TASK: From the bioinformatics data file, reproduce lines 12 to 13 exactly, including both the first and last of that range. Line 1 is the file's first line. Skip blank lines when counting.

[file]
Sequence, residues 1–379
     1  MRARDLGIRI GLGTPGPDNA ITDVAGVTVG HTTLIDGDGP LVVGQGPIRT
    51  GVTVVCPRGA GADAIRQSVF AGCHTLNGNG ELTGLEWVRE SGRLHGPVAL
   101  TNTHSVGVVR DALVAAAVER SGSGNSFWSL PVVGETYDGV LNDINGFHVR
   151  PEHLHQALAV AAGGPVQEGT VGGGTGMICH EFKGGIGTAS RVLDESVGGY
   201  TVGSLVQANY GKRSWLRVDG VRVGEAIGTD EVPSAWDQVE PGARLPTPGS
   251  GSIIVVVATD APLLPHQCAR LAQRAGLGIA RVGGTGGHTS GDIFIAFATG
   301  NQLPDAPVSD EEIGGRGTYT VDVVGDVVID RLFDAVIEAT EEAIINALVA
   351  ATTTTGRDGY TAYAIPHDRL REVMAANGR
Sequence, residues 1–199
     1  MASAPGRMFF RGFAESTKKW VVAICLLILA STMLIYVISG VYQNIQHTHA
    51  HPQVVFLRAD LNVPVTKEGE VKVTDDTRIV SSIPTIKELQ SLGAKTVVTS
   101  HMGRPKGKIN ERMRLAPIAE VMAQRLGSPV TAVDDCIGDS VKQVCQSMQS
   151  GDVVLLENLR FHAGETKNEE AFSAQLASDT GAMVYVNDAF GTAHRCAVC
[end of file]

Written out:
    51  HPQVVFLRAD LNVPVTKEGE VKVTDDTRIV SSIPTIKELQ SLGAKTVVTS
   101  HMGRPKGKIN ERMRLAPIAE VMAQRLGSPV TAVDDCIGDS VKQVCQSMQS